This election season, we have carved a path forward for poor and working class communities like ours.
While we did not win in all of the races we endorsed, we cannot ignore the incredible gains and successes that, together, we have achieved.
We turned out in record numbers despite everything they tried to put in our way. In Alamance County, voter turnout surpassed 69,000— a nearly 62% increase over 2016. Democratic turnout in Alamance County increased by nearly 45% over 2016 — far higher than the North Carolina average of 31%. This was due primarily to Black voters showing up at the Alamance County polls in unprecedented numbers, accounting for nearly 45% of the Democratic vote— more than any other group.
We know that our on-the-ground organizing played a key role in this incredible turnout at the polls. This year, Down Home created an enormous field program to engage rural voters. We engaged in 28,900 phone and text conversations with rural North Carolinians about this election, and another 11,363 conversations through our Relational Voter Turnout project, having friends talk to friends, neighbors talk to neighbors, and family talk to family.
We know this matters and made a difference. We know this because no one else is talking to the folks we are reaching in our communities. We know that every vote mattered in this election: Ricky Hurtado, running in one of the most important races in the state, won by just under 400 votes. You helped us do that.
Not all our member-endorsed candidates won, however we have always said that success is in their running. Across rural North Carolina, Down Home supported Black, Brown, and working-class candidates who, just a few years ago, may never have considered putting their name on the ballot.
We know that local candidates like Dreama Caldwell, the first Black woman to run for Alamance County Commissioner, and Kristen Powers, the youngest person to run, are absolutely the future of our county. We know that candidates like Eric Henry introducing a solid working-class agenda into local politics and Dayson Pasion insisting that we can not shy away from talking about race when we are talking about our children, are the future of our political conversations here.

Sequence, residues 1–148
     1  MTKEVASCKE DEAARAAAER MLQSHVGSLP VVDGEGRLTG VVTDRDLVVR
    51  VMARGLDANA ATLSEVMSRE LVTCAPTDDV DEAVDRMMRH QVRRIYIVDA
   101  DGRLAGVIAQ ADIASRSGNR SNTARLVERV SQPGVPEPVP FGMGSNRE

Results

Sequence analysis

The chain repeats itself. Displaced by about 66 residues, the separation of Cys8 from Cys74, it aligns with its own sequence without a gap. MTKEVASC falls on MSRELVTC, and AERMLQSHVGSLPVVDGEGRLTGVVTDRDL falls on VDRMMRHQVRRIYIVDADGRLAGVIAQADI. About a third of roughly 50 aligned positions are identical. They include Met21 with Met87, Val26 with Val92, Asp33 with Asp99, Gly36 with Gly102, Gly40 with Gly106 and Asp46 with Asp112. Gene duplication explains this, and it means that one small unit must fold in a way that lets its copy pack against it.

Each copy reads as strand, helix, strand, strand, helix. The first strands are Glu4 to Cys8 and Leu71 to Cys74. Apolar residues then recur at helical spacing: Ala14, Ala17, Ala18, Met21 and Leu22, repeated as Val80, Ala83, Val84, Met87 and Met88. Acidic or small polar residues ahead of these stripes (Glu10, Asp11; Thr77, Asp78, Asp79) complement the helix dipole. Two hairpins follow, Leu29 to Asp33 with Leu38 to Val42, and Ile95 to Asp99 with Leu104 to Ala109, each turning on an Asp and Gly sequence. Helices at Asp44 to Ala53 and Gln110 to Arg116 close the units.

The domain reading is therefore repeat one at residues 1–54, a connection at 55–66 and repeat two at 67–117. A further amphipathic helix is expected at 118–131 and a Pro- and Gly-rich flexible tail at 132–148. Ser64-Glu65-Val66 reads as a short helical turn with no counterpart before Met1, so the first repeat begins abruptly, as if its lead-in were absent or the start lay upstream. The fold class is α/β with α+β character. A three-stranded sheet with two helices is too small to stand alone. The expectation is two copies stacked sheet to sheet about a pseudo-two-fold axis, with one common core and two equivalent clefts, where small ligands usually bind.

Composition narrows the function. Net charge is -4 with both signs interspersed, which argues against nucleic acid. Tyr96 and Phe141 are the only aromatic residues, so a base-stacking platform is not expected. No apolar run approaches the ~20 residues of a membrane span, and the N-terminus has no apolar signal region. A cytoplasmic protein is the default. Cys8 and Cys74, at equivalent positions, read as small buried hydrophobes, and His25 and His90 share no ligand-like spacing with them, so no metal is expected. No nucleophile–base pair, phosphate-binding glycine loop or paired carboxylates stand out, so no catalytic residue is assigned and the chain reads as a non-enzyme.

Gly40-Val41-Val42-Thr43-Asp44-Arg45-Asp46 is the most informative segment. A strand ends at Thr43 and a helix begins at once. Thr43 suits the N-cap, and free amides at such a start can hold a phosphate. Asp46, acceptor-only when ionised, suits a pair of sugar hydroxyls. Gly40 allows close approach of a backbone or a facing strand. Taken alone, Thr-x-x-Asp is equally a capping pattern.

We believe and will always believe that our small towns and country places are worth investing our time, resources, and love in. Why? Because we are from here. We were raised here and we are raising our children here. Rural North Carolina has been under-organized as politicians and the big political parties focus on cities and suburbs. That’s why we created Down Home– the decades of ignoring rural working class and poor folks is over.
Our work is barely over in Alamance County — It has just begun.
Elections and voting have always been just tools in our toolbox as we build power. Just as important is holding those put into power accountable to poor and working-class communities that we live in and love here in North Carolina. And even more important is how we organize and care for each other, right here, at home.
This election is over, but the need to build power and organize deeply with poor and working class folks has never been so clear. We must hold those in power accountable, whether we voted for them or not.
Come into our work. Down Home organizes year-round, every day, in our rural communities. Why? Because we live here, year-round, every day. Because our people are worth it. Because this is home.